5 Very Important Leadership Skills for A Remote Job Setting

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There are 5 very important leadership skills for a remote job setting that will help you progress steadily in your remote job career. Many people set out into the remote job space with lots of hope and expectations only to find themselves in the job market again; submitting their Curriculum Vitae all over again. However, if you apply these important leadership skills in your remote job, you will stand out and be sought after.

Before we get into the topic proper, we need to address the reasons these skills are key in a remote work setup. First, when working remotely, there are times when keeping a close eye on your team or tasks may be challenging simply because the job is “remote”. You cannot just walk into an office and pick up that crucial file that you need or pass across that time-bound instruction.

Therefore, being able to lead competently in a remote setting, will save you a lot of stress, enhance your productivity and significantly improve your overall performance. Another point is that there are misconceptions when it comes to the definition of “leadership”. Instead of delving into these misconceptions, this topic will simply clearly expound on true leadership as it applied to remote work.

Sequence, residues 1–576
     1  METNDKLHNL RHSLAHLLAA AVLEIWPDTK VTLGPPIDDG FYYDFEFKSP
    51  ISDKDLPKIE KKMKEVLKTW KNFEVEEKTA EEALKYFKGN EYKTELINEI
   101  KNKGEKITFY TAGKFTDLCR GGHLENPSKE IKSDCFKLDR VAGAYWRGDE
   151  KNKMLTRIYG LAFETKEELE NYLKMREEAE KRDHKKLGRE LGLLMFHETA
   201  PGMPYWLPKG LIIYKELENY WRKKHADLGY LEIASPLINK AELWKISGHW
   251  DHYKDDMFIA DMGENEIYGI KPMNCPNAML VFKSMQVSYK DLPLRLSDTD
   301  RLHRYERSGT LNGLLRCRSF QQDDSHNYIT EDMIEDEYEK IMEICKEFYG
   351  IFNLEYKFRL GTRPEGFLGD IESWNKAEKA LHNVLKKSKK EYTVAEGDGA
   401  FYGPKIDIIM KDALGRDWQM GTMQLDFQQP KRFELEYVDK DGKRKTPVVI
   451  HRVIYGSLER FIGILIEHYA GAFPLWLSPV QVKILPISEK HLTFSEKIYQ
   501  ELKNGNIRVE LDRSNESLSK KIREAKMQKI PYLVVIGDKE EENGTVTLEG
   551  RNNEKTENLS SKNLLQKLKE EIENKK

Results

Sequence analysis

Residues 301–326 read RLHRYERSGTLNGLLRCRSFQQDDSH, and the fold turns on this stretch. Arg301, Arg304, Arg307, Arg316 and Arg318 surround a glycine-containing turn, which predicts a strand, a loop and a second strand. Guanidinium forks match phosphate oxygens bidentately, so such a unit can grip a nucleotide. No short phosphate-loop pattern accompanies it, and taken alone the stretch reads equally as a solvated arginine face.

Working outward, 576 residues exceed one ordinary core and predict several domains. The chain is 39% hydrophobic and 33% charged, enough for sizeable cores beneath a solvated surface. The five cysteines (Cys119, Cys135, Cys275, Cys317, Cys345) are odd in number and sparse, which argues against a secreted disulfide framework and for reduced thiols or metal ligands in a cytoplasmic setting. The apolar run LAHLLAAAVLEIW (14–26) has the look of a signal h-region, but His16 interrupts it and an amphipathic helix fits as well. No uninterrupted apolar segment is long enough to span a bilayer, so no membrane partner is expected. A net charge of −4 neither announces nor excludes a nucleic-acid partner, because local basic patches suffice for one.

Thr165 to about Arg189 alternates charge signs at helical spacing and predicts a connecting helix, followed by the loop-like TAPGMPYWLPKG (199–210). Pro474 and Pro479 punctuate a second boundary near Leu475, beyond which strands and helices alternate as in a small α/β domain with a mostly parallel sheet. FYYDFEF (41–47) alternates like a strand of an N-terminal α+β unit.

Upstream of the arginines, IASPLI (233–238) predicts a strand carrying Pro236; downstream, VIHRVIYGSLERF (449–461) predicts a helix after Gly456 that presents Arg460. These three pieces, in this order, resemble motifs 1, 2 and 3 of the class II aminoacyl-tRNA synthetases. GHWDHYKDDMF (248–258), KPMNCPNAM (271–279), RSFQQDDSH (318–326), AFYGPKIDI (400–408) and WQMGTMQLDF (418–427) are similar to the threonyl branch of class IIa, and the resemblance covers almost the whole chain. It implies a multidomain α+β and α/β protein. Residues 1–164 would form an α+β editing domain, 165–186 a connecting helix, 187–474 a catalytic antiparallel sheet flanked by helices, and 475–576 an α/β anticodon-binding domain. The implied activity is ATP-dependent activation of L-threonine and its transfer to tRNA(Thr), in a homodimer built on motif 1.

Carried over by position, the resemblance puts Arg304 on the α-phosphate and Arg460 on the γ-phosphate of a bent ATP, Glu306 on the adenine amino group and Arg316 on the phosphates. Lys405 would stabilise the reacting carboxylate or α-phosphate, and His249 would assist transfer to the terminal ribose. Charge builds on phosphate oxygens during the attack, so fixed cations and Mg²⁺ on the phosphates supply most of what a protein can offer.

#1 Leadership Skill for A Remote Job: Self-Leadership

This is the first key leadership skill for a remote job or any job for that matter. You cannot lead others when you have not led yourself. Let us look deeper into what self-leadership entails.

1. Self-Awareness

A leader should be able to understand his or her own core values, ideologies, ethics, biases, and assumptions. This requires critical thinking and deep introspection; very crucial skills. Self-awareness also includes the ability to learn from one’s own experiences. When one becomes self-aware the next thing is to understand how one’s values and principles differ from those of team members and clients.

Similarly, self-awareness involves doing a self-SWOT analysis and understanding how one’s strengths and weakness impacts the members of one's team. Also, good self-awareness involves acknowledging biases and sentiments and understanding how they affect one’s decisions and attitudes. In addition, it is vital to get, process and implement realistic feedback from superiors, teammates and subordinates.

2. Self-Management

This largely involves self-control and self-discipline. Good leaders refrain from allowing emotions to impact their judgement and attitude towards others. Instead, they consider how negative emotions could negatively impact team members. Proper self-management also involves discipline with time, living a healthy lifestyle, meeting responsibilities, excellence at work and strong consideration for the work schedule of others.

3. Self-Improvement

To effectively lead in a remote job setting, self-leadership skill involving consistent self-improvement is vital. New things are always coming out, therefore there is a need to always update one’s knowledge. Similarly, self-improvement involves regular training and reading relevant books for self-development. It also involves learning from mistakes, feedback and other people.

4. Self-Worth